Lessons From a Convention
A Winter of Discontent has shifted over the last few months to a Spring of hope. Many countries (and in the US, most states) are now actively vaccinating their populace against Covid-19, unemployment is dropping dramatically, and people are beginning to plan for the post-epidemic world.
As I write this, Norwescon, a science fiction conference held annually in Seattle, Washington since 1976, has wrapped up its first virtual incarnation. With a focus on science fiction writing and futurists, this convention has long been a favorite of mine, and a chance to talk with professional authors, media producers, and subject matter experts. This year, that whole process was held across Airmeet, which (a few minor glitches aside) performed admirably in bringing that experience to the computer screen.
It is likely that the year 2020 will be seen in retrospect as the Great Reset. While many of the panelists and audience members expressed a burning desire to see the end of the pandemic and the opportunity to meet in person, what surprised me was the fact that many also expressed the desire to continue with virtual conferences as an adjunct to the experience, rather than simply going back to the way things had been.
This theme is one I’ve been hearing echoed repeatedly outside this venue as well. It is almost certain that post-Covid, the business place will change dramatically to a point where work becomes a place to meet periodically, where the workweek of 9-5 days will likely transform into a 24-7 work environment where some times are considered quieter than others, and where the obsession with butts-in-seats gets replaced by a more goal-oriented view where reaching demonstrable objectives becomes more important than attendance.
This conference also laid bare another point – your audience, whether as a writer, a creative, a business, or any other organization, is no longer geographically bound. For the first time, people attended this convention from everywhere in the world, even as people who traditionally hadn’t been able to come locally because of health issues were able to participate this year. The requirements of geo-physicality have long been a subtle but significant barrier for many such people, and the opportunity for this segment of the population to attend this year meant that many more points of view were presented than would have been otherwise. This too illustrates that for all the talk of inclusiveness previous, the rise of the digital society may be the first time that such unacknowledged barriers are now actively being knocked over.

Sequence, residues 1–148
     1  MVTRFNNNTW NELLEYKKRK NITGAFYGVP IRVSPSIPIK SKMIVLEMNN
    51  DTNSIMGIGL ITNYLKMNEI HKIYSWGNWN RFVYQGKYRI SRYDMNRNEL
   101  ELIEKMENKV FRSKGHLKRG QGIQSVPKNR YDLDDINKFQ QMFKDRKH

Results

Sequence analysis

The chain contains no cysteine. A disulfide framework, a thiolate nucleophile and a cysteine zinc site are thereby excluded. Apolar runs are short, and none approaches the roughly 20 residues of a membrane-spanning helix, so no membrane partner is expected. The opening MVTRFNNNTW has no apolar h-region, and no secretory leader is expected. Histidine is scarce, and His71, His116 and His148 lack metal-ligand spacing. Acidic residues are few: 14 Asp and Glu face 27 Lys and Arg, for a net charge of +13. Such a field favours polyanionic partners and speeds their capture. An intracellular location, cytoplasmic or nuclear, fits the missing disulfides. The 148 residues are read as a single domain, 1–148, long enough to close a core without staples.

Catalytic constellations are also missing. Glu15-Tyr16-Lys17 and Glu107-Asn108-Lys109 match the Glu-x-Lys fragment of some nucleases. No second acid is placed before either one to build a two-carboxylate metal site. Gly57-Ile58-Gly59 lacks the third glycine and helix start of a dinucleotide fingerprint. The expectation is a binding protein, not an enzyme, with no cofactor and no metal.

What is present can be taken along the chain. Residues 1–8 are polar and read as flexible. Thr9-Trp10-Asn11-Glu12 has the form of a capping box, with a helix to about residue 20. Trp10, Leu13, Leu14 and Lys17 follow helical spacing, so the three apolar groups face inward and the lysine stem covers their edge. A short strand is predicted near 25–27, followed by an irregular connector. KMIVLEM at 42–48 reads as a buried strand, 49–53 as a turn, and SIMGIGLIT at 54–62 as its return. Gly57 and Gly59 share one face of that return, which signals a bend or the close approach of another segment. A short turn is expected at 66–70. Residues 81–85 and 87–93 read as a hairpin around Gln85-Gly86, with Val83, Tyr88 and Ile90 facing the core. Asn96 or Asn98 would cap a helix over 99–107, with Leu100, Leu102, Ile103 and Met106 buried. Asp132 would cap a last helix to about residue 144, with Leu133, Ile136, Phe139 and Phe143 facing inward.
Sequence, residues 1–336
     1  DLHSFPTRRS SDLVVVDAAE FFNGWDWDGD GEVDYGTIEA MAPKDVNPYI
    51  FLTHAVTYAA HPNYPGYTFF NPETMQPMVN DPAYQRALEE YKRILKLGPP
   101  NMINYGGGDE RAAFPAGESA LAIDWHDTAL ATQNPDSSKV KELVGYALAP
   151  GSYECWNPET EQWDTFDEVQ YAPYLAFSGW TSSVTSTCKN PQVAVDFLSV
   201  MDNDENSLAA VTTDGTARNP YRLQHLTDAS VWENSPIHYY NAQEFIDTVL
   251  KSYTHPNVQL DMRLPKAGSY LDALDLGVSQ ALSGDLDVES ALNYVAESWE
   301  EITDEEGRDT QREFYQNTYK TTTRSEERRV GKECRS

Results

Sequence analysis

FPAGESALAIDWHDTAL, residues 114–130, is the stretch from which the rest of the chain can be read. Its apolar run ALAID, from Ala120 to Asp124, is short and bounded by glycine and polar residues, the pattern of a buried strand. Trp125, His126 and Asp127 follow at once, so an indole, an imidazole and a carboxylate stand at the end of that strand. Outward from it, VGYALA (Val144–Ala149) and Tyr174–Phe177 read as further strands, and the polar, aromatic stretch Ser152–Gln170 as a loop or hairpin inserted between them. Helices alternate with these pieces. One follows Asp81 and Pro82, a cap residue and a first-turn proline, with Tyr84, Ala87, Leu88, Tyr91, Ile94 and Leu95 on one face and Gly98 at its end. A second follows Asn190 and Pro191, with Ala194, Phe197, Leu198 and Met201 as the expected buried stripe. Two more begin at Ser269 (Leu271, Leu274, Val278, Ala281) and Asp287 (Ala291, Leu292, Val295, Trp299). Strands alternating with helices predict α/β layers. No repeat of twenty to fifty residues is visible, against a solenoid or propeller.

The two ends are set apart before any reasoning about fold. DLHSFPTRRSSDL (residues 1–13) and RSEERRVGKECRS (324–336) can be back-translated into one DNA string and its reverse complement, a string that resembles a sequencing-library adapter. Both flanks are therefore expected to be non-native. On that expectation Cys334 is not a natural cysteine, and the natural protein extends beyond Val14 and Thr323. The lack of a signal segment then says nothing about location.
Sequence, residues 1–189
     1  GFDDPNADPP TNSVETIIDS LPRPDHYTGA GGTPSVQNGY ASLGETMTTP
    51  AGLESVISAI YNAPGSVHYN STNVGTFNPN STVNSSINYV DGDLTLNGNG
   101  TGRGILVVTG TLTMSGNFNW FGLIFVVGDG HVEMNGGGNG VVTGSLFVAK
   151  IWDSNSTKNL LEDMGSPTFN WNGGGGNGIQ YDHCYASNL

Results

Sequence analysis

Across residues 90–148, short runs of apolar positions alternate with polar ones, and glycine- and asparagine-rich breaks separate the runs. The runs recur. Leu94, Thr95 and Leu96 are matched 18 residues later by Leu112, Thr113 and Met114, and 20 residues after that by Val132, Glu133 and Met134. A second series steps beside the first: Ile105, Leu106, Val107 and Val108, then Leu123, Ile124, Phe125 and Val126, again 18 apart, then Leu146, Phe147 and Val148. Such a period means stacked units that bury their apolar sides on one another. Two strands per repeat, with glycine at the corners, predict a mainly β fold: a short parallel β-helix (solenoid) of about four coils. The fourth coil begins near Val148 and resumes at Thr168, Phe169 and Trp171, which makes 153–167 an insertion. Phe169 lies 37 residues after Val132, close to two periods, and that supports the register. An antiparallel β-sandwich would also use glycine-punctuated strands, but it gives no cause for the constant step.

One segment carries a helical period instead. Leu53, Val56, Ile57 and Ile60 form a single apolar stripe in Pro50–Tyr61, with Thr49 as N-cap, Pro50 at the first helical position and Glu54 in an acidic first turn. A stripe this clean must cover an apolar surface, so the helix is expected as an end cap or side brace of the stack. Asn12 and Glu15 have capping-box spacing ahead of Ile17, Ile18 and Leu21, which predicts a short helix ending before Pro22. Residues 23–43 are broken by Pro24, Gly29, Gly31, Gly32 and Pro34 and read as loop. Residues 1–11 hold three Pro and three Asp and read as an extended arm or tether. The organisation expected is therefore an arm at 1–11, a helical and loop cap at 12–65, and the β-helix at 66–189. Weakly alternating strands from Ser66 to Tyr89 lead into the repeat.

Finally, a theme that seemed to permeate the convention this year is that increasingly we are living in the future we visualized twenty years ago. Science fiction is not about “predicting” the future, despite the perception to the contrary. It is, instead, a chance to explore what-if scenarios, to look at the very real human stories as they are impacted by changes in technology. During one (virtual) hallway conversation I had, noted Philip K. Dick Award-winning author PJ Manney made the point that ultimately the technology, while important in science fiction, is not the central focus of writers in this genre. Rather, the stories being written explore the hard questions about what it means to be human in a world of dramatic change, something that anyone who works in this space should always keep in the back of their mind.
This is why we run Data Science Central, and why we are expanding its focus to consider the width and breadth of digital transformation in our society. Data Science Central is your community. It is a chance to learn from other practitioners, and a chance to communicate what you know to the data science community overall. I encourage you to submit original articles and to make your name known to the people that are going to be hiring in the coming year. As always let us know what you think.
In media res,
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